Nelson Mandela’s first South African passport
Jan 26, 2009 – Nelson Mandela was issued with his first South African passport on February 19, 1990, eight days after he was released from prison. It was this passport (with his second name “Rolihlahla” spelt incorrectly as “Rolilahla”) that he used to embark on a tour of some of the African states that had supported the South African liberation struggle, including Zambia, Tanzania, Zimbabwe and Ethiopia.
Nadja Manghezi, who was working at the Solomon Mahlangu Freedom College in Tanzania in March 1990, has recently made photos of Mr Mandela’s visit available to the Nelson Mandela Foundation Archive.
These pictures show Mr Mandela: arriving at the college with his then-wife Winnie Madikizela-Mandela; addressing the assembled staff and students; seated with a pupil of the college on his lap (and Chris Hani next to him); standing in an open-top car with his wife and then-Tanzanian President Julius Nyerere; and with the Nyereres, Mrs Madikizela-Mandela, Ruth Mompati, Andrew Mlangeni and others at a reception ceremony.
This was Mr Mandela’s first visit to Tanzania since 1962.
In Long Walk to Freedom Mr Mandela says of his 1962 visit: “I was soon joined by Joe Matthews, who had come from Basutoland, and I insisted that we should make haste for Dar es Salaam ... A plane was arranged … We flew near Victoria Falls and then headed north through a mountain range. While over the mountains, the pilot tried to contact Mbeya, but there was no answer … The weather had changed and the mountains were full of air pockets that made the plane bounce up and down like a cork on a rough sea … in desperation the pilot descended and followed a twisting road through the mountains …. The emergency alarm went off, and I remember saying to myself, ‘That’s the end of us.’ Even the ever-loquacious Joe was stone silent.”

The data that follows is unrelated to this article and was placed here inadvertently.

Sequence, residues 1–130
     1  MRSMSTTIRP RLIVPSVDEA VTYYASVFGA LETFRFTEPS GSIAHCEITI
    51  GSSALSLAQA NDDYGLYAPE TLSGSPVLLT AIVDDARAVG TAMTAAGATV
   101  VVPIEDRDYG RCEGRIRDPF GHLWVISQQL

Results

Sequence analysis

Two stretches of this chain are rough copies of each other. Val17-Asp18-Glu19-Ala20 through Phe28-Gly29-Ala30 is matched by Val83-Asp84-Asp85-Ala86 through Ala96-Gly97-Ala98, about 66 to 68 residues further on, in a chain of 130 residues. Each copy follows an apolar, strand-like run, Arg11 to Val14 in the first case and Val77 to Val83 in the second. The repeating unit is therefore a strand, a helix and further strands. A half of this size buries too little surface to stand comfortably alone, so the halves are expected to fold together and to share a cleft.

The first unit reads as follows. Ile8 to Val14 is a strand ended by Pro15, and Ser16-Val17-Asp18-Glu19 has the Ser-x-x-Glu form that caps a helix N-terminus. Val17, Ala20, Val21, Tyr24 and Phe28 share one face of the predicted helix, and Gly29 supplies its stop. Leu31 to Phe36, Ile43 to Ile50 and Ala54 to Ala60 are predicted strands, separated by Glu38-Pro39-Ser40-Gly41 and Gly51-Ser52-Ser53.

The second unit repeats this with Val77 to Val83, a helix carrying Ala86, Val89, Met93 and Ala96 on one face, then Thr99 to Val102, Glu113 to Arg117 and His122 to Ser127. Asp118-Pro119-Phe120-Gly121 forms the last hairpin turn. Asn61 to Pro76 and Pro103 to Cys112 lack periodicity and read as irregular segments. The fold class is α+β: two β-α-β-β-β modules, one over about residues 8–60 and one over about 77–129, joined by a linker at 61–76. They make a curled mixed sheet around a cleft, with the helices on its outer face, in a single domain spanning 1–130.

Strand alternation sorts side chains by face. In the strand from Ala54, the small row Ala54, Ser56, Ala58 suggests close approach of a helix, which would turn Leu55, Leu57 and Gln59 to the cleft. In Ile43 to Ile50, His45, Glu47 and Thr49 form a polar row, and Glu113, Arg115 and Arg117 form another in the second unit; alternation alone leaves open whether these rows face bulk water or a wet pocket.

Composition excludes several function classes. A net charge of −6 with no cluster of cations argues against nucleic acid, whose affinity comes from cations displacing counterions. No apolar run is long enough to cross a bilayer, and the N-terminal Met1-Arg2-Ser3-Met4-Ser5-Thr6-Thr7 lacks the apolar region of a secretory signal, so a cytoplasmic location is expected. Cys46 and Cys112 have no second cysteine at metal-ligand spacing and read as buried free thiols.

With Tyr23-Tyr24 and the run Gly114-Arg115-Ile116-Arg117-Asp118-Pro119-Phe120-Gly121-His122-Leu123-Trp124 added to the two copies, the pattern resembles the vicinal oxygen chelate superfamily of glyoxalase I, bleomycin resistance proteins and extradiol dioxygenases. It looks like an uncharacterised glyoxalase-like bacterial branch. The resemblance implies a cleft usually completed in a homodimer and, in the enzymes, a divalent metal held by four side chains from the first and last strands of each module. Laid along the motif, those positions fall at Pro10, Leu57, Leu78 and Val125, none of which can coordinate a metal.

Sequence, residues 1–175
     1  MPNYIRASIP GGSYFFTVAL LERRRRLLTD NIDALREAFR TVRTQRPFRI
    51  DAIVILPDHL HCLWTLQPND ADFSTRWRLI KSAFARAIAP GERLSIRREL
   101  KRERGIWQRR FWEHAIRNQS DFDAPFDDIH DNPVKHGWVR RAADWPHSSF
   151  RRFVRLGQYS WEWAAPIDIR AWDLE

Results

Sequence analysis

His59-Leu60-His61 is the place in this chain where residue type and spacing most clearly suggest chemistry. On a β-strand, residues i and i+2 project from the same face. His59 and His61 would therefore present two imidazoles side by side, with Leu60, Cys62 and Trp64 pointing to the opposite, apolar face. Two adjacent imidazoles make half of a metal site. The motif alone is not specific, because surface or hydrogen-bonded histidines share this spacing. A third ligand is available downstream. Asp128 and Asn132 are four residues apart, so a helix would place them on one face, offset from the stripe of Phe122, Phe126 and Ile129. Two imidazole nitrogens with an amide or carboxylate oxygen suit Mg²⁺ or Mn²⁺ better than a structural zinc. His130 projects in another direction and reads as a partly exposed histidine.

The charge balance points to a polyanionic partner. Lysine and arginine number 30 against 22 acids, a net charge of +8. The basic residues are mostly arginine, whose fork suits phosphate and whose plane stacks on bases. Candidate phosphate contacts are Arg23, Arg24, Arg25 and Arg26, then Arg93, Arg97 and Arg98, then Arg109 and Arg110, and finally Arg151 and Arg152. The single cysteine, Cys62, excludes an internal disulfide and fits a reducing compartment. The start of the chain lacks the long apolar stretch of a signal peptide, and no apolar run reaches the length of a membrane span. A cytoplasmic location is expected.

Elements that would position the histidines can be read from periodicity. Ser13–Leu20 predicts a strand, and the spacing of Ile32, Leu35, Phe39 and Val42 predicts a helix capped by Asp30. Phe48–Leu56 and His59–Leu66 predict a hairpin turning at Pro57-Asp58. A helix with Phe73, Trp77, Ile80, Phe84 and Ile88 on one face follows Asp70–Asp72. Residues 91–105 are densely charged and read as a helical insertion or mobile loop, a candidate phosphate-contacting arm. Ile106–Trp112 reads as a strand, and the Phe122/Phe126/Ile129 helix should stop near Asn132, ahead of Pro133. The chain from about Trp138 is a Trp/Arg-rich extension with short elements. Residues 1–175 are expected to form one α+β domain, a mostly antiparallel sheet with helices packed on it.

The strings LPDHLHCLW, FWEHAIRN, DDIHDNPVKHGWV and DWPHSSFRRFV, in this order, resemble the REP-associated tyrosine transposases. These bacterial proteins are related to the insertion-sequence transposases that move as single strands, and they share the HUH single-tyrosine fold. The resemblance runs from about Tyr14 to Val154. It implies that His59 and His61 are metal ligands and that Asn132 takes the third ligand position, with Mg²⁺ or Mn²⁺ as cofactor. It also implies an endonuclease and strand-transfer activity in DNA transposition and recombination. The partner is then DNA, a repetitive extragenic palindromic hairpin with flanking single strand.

On arriving in Mbeya he experienced a feeling of freedom: “I then truly realised that I was in a country ruled by Africans. For the first time in my life, I was a free man … I felt the burden of oppression lifting from my shoulders … I was being judged for the first time not by the colour of my skin but by the measure of my mind and character … We arrived in Dar es Salaam the next day and I met Julius Nyerere, the newly independent country’s first president. We talked at his house, which was not at all grand, and I recall that he drove himself in a simple car, a little Austin. This impressed me for it suggested that he was a man of the people.” (pages 344-345)
President Nyerere voluntarily retired from office in 1985 and died in 1999.